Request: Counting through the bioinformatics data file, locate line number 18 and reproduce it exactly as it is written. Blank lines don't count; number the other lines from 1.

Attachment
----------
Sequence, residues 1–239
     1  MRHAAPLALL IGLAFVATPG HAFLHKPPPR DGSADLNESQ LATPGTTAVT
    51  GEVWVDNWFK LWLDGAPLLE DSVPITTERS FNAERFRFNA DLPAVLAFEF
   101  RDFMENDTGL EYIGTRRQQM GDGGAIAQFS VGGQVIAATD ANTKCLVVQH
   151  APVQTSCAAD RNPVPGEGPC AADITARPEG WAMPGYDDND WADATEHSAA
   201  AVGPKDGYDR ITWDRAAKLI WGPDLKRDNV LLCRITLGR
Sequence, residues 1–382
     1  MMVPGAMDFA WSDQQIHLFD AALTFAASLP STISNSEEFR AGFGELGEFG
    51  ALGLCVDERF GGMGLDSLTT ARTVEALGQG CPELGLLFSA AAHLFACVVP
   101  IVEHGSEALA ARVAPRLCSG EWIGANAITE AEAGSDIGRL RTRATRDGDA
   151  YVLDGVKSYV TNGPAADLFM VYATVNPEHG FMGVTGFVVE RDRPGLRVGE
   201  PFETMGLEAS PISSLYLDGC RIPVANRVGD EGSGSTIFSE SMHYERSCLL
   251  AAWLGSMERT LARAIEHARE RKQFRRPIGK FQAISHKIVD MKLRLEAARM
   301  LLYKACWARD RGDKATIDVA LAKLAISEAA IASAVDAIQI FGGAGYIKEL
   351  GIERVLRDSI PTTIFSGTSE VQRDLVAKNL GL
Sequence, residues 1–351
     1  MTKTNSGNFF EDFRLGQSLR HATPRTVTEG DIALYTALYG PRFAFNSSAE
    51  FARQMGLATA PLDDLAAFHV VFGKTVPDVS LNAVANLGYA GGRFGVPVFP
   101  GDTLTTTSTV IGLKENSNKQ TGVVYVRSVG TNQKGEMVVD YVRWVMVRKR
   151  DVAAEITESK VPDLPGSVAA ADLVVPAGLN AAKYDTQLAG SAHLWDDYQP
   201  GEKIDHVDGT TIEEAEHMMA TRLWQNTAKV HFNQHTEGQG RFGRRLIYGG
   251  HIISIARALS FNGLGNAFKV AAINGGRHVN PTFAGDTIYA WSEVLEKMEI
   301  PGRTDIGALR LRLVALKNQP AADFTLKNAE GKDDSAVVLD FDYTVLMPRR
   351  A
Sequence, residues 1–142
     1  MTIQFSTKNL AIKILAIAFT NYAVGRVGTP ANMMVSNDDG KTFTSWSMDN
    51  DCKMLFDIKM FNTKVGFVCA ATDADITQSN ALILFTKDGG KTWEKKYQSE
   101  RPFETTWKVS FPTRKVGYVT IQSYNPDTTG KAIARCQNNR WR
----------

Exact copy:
    51  FARQMGLATA PLDDLAAFHV VFGKTVPDVS LNAVANLGYA GGRFGVPVFP